July 11, 2005: I am interested in providing full disclosure about this information (to the first Nordic Country that is willing to offer me a citizenship. I am certainly willing to provide full disclosure of the information in advance of the granting of the citizenship. Also, I will include much more information than this.


This looks very much like a Viking merchant ship. However it is un laden and they were always laden with goods or the items they traded them for unless it was jewelry, spices, amber or silver. Laden it sat two feet lower in the water giving it only a half meter freeboard (how high the sides were above the water). Warships and exploration ships had half that amount or less of freeboard.

About three waves like the one on the stamp and this crew would be in real trouble. Ask any small boat skipper and they will confirm what I say.

Judging by the seas that critical point would occur in about two more minutes but what I am really concerned about are 'sisters' of that 6 meter tall rogue wave which you can see in the distance to left of the Viking ship's bow which would probably end it all in a second.

This picture is a fantasy by a non sailor. You will notice that sail is filled by wind blowing from right to left but those waves are chopped and blustered by wind blowing from left to right and foreground left to foreground right which only happens in a fantasy. (See the details below*)

Like I said it's a fantasy and I only deal with facts. Though they may not yet be proven they are facts. Furthermore I can tell you that almost everything else in that picture is one hundred percent accurate. I should know what I am talking about, I have the memories of having commanded a Viking merchant ship almost identical to that one for 25 years.

Viking ships survived thirty foot seas, hurricanes (I survived two mammoth ones) and weather that has sank every class of modern ship except tankers. Yet nobody knows how they survived.**

Maybe we tied large inner tubes from trucks on the sides for extra buoyancy?

I was planning to explain how Viking ships were able to weather those storms.

Also, there are about two hundred settlements that I can recall which could be excavated. Not just Viking settlements. Those that Vikings visited south to Spain, east to Russia and three or four that are yet undiscovered in America.

This information took me 1000 years to come by though, it's not an inspired thought, I earned it fair and square. Read the top of this page and you will be able to understand what I went through for just that information alone.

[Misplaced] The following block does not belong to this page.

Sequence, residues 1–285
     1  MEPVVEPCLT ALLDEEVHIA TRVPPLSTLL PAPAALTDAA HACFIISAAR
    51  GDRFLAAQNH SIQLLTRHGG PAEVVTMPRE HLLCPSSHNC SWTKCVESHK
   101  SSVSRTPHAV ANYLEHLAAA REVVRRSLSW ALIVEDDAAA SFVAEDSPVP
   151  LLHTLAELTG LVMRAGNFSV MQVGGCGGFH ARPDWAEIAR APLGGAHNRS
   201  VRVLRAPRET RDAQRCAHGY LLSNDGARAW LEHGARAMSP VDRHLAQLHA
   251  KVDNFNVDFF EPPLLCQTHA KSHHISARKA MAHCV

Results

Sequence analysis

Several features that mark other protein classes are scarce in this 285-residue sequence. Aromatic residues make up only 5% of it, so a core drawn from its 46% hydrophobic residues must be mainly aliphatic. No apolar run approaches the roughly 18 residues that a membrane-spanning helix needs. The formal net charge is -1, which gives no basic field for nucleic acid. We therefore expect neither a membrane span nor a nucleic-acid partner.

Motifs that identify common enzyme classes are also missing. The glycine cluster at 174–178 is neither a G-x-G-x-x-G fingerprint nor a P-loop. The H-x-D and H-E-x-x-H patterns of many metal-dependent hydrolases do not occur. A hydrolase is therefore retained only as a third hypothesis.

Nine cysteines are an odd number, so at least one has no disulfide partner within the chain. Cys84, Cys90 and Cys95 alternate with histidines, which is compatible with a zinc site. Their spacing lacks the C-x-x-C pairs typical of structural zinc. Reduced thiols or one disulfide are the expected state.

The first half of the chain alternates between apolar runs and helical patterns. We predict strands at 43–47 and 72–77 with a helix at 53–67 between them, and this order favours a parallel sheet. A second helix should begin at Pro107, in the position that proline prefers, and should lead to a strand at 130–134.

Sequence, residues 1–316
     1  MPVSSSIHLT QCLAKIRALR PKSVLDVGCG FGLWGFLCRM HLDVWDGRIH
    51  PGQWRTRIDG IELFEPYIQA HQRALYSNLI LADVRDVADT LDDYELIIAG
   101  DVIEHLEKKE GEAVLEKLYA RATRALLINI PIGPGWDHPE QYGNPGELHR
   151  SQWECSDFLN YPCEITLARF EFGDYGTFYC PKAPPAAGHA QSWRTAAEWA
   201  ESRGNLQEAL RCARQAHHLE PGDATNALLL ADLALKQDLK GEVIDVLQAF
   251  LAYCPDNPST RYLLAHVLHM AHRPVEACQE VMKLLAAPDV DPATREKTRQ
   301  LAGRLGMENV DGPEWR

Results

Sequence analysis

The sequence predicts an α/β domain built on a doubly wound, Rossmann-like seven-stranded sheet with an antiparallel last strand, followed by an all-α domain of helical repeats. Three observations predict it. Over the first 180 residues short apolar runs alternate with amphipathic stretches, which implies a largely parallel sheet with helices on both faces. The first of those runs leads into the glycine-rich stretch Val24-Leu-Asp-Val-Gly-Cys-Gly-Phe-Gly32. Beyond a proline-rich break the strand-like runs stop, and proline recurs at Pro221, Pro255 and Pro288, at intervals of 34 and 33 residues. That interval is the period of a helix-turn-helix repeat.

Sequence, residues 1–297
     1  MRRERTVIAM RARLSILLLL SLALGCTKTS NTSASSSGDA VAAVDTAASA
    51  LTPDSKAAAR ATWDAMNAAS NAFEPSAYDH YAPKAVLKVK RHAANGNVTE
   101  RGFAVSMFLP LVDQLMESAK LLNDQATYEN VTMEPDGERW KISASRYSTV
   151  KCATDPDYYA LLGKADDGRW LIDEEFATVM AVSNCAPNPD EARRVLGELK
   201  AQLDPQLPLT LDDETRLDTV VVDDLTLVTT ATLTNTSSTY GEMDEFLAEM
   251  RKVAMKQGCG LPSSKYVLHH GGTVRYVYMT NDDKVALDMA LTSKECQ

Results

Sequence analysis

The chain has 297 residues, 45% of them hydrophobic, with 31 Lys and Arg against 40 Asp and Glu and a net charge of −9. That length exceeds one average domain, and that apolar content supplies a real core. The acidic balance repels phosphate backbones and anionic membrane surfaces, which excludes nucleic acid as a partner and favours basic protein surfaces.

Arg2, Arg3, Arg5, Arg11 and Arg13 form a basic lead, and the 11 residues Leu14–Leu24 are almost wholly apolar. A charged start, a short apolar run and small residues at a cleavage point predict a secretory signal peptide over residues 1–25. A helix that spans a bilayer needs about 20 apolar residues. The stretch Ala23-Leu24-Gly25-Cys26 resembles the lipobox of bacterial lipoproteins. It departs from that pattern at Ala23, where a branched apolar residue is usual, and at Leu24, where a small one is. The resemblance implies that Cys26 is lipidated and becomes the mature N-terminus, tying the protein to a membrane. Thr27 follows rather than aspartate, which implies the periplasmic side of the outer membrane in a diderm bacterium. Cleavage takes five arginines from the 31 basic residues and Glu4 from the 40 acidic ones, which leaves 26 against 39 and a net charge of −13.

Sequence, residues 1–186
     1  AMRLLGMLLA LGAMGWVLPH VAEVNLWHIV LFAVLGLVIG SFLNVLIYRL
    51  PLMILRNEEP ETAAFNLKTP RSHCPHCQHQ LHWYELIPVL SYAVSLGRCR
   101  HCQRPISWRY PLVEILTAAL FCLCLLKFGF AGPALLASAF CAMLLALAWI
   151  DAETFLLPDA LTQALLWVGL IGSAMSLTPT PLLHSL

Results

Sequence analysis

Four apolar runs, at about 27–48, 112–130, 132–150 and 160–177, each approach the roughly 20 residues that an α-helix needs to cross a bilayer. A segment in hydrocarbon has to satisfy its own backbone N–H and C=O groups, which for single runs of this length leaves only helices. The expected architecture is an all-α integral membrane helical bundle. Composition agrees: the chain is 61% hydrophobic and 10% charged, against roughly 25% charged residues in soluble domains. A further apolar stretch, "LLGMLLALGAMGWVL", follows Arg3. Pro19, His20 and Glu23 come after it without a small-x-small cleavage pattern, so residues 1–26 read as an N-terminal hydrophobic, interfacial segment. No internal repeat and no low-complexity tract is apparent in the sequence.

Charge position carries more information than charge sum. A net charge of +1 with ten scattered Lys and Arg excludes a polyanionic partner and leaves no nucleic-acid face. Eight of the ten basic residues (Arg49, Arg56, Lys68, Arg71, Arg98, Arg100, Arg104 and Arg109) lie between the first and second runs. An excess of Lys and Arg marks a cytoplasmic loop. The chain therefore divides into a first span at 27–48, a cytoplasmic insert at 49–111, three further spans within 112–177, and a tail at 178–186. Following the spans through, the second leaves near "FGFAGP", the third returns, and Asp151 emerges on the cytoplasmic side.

This information will increase knowledge tremendously. Interest in this culture will soar and 100's of jobs will the result along with the publishing of thousands of papers. A researchers paradise will be only part of the results.

however, why should I give this information to thieves who take all the credit while I just get called names and the only thing I reap is denial, anger and pain? Without the proper owner being recognized none of this will happen.


*The reason I say the wind is coming from three directions is illustrated on the right.


As for the waves. A 6-7 meter rogue wave is exiting the trough of the 4 meter swell (8 meter as measured peak to trough) whose crest you can easily see to it's left so it appears to only be a 4 meter wave. If I rotate the picture so the wave is horizontal and bracket it (on the right) you see the wave easier. It's identical to a wave breaking on shore except it is 'breaking' on the top of the swell. Waves and swells move differently and in different directions so the wave actually acts like a soft sand an causes the wave to break. The artist is great but he combined several waves of different sizes.

Swells can change in bad weather and in this case the rogue wave is actually pushing down and distorting the shape and size of the swell. So the height of the swell is best determined using the period between the peaks (the next peak is behind the ship) and dividing it to get the real height of the swells. Then you compare that swell to the wave and that is how you get the size of a wave in the far distance (or in a 2D picture where you can't tell the actual distance). However this wave is breaking like smaller waves break, not like a 6 meter wave like the artist drew so It's got me completely baffeled and confused.

OK, lets cut it in half and say it only a 3 meter wave. That's high enough to hit the sail, probably knock mast over, and also fill up the ship with water. Then it would be all over for this Viking ship and it's unlucky crew.

Even if this viking ship were able to point fore or aft directly into a wave like that, it would run into it and not over it. That would be the end of this unlucky crew and their ship. If you wish to explore the wave dynamics that are memorized (apparently for 1000 years) in the first three weeks of a seven years apprenticeship as a Viking captain then you can read what the U.S. Navy, in probably four months, teaches it's sailors here. However, if you were to show that stamp to a postgraduate in Oceanography he/she would probably not provide as much information as I just did in fifteen minutes and my memories of that life are not even up to snuff. Due to the need to interpret satellite photographs for weather prediction there are lots of those graduates out there which you can find. Furthermore I doubt one in ten of those postgraduates will realize the wind is going in opposite directions simultaneously. I'll even bet you not any of them could tell you how a Viking ship could ever survive a hurricaine.

**I've gone sailing less than a dozen times in my life and it was always with a University sailing club on weekends and I was always just a passenger so my knowledge of sailing and viking ship can't be accounted for unless at least one life as a Viking captain is taken into account.



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2005 John Pinil